How to Overclock

Overclocking a graphics card is a fairly straightforward process. All you need is a working and properly configured graphics card, and a few of your favorite games or a benchmark like Futuremark 3DMark 11 to test stability. For the purposes of this article, we used a brand-new AMD Radeon HD 7950 installed in a high-end, Intel-powered test rig running Windows 7 Ultimate (64-bit).

Before you begin overclocking, install the latest drivers for your graphics card (and Nvidia’s System Tools if necessary), and play a few games to ensure that the system is stable. If all is working well, restart the system, open the graphics card’s control panel, and navigate to the overclocking or frequency control section; we used the Overdrive tab built into AMD’s drivers.

First, enable Overdrive by ticking the necessary box, and max out the power control settings to eliminate any power-related frequency restrictions. Next, increase the GPU frequency by moving the appropriate slider by a few MHz at a time, and apply the settings. Then, play a game or loop a benchmark to test stability.

For example, our Radeon HD 7950’s GPU was clocked at 800MHz by default. We started by moving the GPU clock settings slider in 10MHz increments, until our test system became unstable. That is, once we encountered any visual anomalies, or a game or the system crashed, we turned the GPU frequency back down by 10MHz and tested for stability again. Ultimately we settled on a stable GPU frequency of 1000MHz--an increase of 200MHz over stock.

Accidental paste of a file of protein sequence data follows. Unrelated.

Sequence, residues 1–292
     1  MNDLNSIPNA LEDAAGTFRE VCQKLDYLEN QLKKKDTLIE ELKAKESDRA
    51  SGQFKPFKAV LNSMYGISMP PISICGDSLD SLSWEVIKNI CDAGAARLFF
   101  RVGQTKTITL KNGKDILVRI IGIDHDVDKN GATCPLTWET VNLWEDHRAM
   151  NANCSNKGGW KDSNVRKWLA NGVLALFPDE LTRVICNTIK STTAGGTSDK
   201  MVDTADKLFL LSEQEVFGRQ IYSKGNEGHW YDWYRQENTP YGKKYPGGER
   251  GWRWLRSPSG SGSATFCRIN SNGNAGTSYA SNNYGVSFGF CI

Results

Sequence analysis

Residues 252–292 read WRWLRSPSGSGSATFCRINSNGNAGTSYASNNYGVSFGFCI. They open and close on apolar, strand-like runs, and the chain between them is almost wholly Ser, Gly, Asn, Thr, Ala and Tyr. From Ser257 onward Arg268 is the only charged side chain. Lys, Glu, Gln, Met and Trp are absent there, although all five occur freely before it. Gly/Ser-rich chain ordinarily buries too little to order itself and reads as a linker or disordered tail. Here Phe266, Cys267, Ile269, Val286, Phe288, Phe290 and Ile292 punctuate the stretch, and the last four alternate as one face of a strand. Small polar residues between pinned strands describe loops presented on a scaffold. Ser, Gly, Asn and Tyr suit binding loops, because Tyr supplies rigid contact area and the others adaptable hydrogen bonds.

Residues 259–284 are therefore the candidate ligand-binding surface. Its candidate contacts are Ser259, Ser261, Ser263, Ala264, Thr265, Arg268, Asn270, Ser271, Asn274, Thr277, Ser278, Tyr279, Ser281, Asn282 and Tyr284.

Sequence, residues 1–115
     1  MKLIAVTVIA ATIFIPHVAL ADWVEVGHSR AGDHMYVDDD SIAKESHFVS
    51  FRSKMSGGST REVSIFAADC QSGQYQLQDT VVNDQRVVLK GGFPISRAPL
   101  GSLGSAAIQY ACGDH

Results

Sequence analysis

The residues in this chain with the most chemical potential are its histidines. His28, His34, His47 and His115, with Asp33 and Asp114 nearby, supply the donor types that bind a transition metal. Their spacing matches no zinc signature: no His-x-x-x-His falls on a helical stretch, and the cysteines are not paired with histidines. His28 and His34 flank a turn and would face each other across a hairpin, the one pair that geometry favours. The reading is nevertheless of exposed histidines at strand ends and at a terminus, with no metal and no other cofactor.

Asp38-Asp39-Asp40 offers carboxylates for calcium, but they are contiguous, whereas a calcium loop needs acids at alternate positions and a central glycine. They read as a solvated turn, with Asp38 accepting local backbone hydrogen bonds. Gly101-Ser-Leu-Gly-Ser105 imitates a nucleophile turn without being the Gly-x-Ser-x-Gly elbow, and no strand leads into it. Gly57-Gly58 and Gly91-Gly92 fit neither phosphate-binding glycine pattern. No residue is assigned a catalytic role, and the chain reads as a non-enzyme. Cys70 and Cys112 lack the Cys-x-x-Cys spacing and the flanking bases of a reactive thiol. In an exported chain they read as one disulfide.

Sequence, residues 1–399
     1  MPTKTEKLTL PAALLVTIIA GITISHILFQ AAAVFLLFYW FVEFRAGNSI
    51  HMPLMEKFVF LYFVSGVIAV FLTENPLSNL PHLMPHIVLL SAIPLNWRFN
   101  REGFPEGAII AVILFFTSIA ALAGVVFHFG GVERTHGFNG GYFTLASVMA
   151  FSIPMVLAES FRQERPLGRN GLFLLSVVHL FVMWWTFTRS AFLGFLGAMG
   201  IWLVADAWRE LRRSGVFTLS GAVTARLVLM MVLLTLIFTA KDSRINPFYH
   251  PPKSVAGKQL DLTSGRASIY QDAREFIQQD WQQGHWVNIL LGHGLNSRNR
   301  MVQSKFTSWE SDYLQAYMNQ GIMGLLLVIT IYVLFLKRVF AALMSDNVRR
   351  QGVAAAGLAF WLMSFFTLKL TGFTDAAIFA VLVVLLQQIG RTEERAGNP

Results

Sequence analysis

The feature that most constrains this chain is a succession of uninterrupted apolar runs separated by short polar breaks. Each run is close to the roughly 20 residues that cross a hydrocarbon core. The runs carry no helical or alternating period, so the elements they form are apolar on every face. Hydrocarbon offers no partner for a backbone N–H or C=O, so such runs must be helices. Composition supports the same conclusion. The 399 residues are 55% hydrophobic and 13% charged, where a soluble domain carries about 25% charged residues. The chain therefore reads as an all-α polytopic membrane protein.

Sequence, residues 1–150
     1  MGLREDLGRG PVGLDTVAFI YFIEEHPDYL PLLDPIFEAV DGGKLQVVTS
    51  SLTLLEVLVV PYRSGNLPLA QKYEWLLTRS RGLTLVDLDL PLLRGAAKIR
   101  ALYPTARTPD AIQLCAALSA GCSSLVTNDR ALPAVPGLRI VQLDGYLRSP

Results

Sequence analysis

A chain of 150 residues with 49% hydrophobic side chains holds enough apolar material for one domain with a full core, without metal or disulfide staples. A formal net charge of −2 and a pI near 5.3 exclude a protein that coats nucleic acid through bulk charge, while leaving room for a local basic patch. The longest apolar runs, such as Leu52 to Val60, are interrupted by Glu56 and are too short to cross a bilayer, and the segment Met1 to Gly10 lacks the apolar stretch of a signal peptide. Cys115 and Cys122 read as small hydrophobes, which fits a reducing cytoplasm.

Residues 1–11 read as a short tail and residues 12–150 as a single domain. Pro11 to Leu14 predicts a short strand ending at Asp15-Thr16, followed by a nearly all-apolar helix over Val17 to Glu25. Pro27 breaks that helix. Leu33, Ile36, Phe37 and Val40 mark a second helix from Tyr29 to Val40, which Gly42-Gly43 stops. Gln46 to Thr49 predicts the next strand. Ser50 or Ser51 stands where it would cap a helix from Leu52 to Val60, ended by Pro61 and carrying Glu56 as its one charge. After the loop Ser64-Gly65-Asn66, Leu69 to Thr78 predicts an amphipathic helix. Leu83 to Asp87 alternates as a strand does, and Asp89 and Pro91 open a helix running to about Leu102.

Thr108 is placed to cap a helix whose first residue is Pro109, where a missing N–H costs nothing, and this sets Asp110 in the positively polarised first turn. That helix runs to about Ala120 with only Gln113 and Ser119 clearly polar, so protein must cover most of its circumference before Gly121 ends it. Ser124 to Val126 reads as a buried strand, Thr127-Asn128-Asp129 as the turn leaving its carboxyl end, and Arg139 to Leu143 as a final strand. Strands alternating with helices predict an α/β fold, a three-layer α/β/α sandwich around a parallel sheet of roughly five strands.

With our peak GPU frequency known, we set it back to its default clock speed and then focused on the graphics card’s memory. By default, the Radeon HD 7950’s memory is clocked at 1250MHz. We used the same procedure of increasing the memory frequency by 10MHz at a time, testing stability each step of the way. In the end we achieved a stable memory frequency of 1500MHz.

We recommend overclocking the GPU and memory individually to isolate any instability that the tweaks may introduce to that particular component. Once you know the peak frequency for both, set the GPU and memory to those speeds simultaneously and test for stability once more. If all is well, enjoy your newfound performance. If not, back the frequencies down a bit further for both, and test the graphics card again. I must also point out that some graphics cards may remain stable while overclocked, but offer lower performance when running at higher frequencies due to thermal or power throttling. If your system remains stable but the performance degrades while you're overclocking, reduce the GPU and memory frequencies until performance begins to scale properly.

The Results